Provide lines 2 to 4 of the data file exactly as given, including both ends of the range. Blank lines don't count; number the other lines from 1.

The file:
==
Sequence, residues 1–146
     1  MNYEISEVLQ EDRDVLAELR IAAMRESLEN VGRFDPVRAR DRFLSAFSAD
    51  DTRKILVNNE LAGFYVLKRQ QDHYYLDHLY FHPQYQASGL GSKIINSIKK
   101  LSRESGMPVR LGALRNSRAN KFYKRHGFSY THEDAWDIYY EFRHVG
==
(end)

     1  MNYEISEVLQ EDRDVLAELR IAAMRESLEN VGRFDPVRAR DRFLSAFSAD
    51  DTRKILVNNE LAGFYVLKRQ QDHYYLDHLY FHPQYQASGL GSKIINSIKK
   101  LSRESGMPVR LGALRNSRAN KFYKRHGFSY THEDAWDIYY EFRHVG